Machine LearningBy Eric Antoine Scuccimarra
While we tend to think of ourselves as being at the pinnacle of evolution, in reality humans are barely a step up from monkeys. Our only real differentiation from them is that we have language, which allows us to communicate knowledge to others and to preserve that knowledge through time. Language gives us a huge advantage, allowing us to progressively accumulate new knowledge by building up on previous discoveries, but in the end we are just animals who have evolved to survive, like all other animals. We are not adapted to having civilizations and technology, we evolved to find food and procreate and the results of this can be seen all over - from how tech companies use simple tricks like noises and bright colors and intermittent rewards to keep us hooked, to how food companies load their food with salt, fat and sugar to keep us eating unhealthy food, to the cognitive biases and heuristics we use to make decisions under uncertainty. The point of all of this is that humans evolved to find food and avoid predators, and our brains are incredibly ill-suited to processing the large amounts of data that are required to make evaluations about the types of issues that we face everyday in today's complex world.
Computers on the other hand are designed for processing large amounts of data - they can do this very efficiently if programmed correctly. However they lack our creativity - the ability to combine seemingly unrelated ideas into new ideas, and to come up with novel solutions to problems. Machine learning combines our creativity with the ability of computers to handle large amounts of data, specifically the ability to find patterns in data. In 2015 a journalist ran a study on chocolate, the results of which were that chocolate helps you lose weight. The study was commissioned as an example of "junk science" and only had 15 participants with 18 measurements for each participant. The author said “here’s a dirty little science secret: If you measure a large number of things about a small number of people, you are almost guaranteed to get a ‘statistically significant’ result.” Unfortunately much of science is conducted like this - the authors start a study to proof a hypothesis and maybe they'll ignore some results which contradict the hypothesis if other results confirm it. No one likes to be wrong and if the results are a bit ambiguous you can maybe just cherry pick the numbers you like. In Darrell Huff's 1954 book "How to Lie with Statistics" he says "if you torture the data long enough it will confess to anything" and this is in fact the case.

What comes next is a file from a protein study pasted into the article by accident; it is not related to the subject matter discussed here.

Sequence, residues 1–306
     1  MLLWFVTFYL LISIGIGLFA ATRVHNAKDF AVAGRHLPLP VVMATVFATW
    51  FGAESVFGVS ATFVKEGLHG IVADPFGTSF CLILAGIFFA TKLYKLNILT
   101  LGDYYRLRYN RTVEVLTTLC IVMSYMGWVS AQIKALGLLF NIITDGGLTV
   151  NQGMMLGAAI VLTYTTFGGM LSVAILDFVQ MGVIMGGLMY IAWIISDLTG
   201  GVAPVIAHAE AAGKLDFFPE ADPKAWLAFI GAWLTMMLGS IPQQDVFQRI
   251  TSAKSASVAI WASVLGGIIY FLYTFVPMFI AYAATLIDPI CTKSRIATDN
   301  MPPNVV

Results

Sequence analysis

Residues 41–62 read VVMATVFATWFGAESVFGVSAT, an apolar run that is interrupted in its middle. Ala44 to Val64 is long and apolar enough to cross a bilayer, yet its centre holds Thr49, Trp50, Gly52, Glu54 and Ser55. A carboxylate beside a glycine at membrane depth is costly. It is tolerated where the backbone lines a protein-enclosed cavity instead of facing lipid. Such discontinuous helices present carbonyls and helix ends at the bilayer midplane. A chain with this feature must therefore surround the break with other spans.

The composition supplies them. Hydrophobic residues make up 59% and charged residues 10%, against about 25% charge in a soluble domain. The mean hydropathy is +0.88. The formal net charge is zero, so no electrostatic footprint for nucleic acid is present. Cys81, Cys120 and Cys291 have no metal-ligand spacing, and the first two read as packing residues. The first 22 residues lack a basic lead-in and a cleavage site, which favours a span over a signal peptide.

Machine learning is about letting the data speak for itself. With machine learning you set up a system of symbolic equations for transforming data into predictions and then feed the data into that system and see what happens. If you don't like the results you can change the system or the data, but the process is far too complex to be able to cherry pick the data you like and discard the rest. This combines the strengths of humans with the strengths of computers - the humans use their creativity and domain knowledge to create the system which they hope will find patterns in the data and the computers run the data through the system. While technically possible to do so, the process of analyzing the data is far more complex than could ever be done without a computer, and the computers can only do what they are told to do - they can not create novel ideas from nothing.
In my opinion, machine learning is the most important scientific technology in recent history. Just like electricity allowed energy to become uncoupled from the previous sources - fire and animal energy - machine learning uncouples the ability to process data from the constraints of the human brain. Properly used, I think machine learning will be as revolutionary as electricity was.